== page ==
Economic Impact Rebate 2020
By now, you’ve likely heard about the $2 trillion stimulus bill that the President signed recently. Most Americans, after initial excitement and relief, will ask the following questions – we know, because we did, too.
How much will I/ my family get?
Am I/ are we eligible?
Do I/ we have to do anything to receive the stimulus money?
Am I/ are we responsible for taxes on this money, or do I/ we have to pay it back?
Let’s quickly break down this rebate so that you will know what to expect in the next few weeks (the beginning through mid-April). As far as the timeline for the payouts, no one knows exactly when they will arrive yet; what we do know is that the IRS will be using last year’s tax return information to disperse funds. If you haven’t filed 2019’s return yet, don’t fear – the IRS will use your 2018 return information if available.
Each eligible American who is not a dependent will receive up to $1200. Households or individuals that claim a child dependent (under 17) will also receive up to $500 per child. The total rebate is calculated based on income – see eligibility. For example, a married filing jointly household making 125,000 with three children for the tax year 2019 will receive $3,900. Dollar amounts for the total rebate decrease for families or individuals who make more than the decided values below.
All Americans who filed single or married but separate will receive the full stimulus rebate amount as long as they made $75,000 or less in 2019 (or 2018 if this year’s return is yet to be received). Married filing jointly couples will receive the full rebate if the total income was equal to or less than $150,000 for the same time period. “Head of household” filers must have earned $112,500 or less to get the full rebate.
For those who fall above the brackets listed previously, the total rebate amount decreases by $5 for every $100 over the income levels. For example, an individual who made $80,000 in 2019 will receive $250 less than his friend who made $75,000 for the same year. Rebates based on children are essentially unaffected unless an individual approaches the upper limit for stimulus eligibility.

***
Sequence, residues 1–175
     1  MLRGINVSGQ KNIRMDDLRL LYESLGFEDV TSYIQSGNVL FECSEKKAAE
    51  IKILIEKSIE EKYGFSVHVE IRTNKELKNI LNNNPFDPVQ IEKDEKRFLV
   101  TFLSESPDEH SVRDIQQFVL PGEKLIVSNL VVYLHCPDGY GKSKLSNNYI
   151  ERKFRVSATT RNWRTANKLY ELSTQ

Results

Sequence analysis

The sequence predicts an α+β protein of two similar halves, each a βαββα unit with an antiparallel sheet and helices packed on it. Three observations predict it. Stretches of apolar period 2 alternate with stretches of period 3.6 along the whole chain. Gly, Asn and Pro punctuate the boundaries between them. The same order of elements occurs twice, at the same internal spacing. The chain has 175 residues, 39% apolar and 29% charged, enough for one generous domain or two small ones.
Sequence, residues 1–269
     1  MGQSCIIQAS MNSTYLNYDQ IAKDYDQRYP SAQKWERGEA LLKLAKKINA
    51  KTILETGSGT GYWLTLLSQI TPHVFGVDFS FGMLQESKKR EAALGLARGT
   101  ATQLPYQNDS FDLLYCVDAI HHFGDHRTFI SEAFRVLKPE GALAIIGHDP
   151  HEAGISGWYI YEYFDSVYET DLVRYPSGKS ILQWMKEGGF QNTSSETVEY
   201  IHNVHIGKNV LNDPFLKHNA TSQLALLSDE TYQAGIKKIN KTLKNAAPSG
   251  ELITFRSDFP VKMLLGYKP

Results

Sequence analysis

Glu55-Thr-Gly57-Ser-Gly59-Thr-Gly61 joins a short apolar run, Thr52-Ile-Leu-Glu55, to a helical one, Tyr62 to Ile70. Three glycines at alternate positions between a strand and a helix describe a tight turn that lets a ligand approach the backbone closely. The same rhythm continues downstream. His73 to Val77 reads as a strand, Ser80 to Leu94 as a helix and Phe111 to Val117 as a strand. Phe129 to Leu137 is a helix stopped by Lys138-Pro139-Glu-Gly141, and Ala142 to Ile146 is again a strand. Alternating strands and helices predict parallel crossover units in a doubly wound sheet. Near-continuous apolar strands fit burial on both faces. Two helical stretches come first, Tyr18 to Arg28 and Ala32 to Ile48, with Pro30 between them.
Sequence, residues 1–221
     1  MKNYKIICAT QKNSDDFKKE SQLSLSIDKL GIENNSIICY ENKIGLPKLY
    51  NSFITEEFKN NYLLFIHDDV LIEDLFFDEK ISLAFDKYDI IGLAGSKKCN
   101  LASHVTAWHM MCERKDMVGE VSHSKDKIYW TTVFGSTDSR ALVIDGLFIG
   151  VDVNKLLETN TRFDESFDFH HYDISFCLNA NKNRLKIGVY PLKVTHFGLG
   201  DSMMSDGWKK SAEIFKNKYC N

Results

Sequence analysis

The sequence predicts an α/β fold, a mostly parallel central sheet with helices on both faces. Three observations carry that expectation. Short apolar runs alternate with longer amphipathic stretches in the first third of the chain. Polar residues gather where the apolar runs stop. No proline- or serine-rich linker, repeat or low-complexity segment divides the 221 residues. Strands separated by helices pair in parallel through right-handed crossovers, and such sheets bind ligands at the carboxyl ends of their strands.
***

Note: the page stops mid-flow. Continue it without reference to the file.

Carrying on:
Since this bill is targeted to assist those who may be struggling during this uncertain time, there is a portion of the American population that will not receive stimulus money. Individuals who made more than $99,000, married couples (filing jointly) who made more than $198,000, and “head of households” that made more than $146,500 for 2019 will receive $0 in rebate funds.
If you have already completed your 2019 tax return and used direct deposit transfer for your rebate, you need only wait. For those who received their 2019 tax rebate by mail, you are also in the system and should receive your stimulus check without additional steps; however, direct deposit transfers are expected to take place much sooner than snail mail recipients will receive their dollar amounts.
If you have not yet filed your 2019 return and would like your rebate amount calculated for this past tax year (whether you had a child or had your pay significantly reduced), you will need to complete your 2019 return as soon as possible. You can do this online or with a tax professional that offers remote services during this quarantine time.
If you did not file your 2019 return but have a similar status as was on your 2018 return, your stimulus rebate will be calculated based on 2018’s tax year. Again, if in 2018 you used direct deposit for your rebate, you will also receive the stimulus check through direct deposit. The same goes for Americans who requested their 2018 return to be mailed to them – the stimulus check will be mailed to you, but likely arrive later than your friends who used direct deposit.
For Americans who do not file tax returns, like those who are retired or did not receive income for 2018 or 2019, keep an eye out for forms through the IRS. Please be cautious during this time; this is an unfortunate opportunity for criminals to reach for information and commit fraud.
Americans will not be responsible for taxes on this rebate money. Since it is classified as a rebate, it is not taxable income. Neither is it a loan, so you don’t need to worry about paying it back. We will see how this plays out in time, as federal income taxes might be adjusted in the future to recover the stimulus money; for right now though, we can all breathe a sigh of relief, no matter how big or small, and await our cash gift from the government.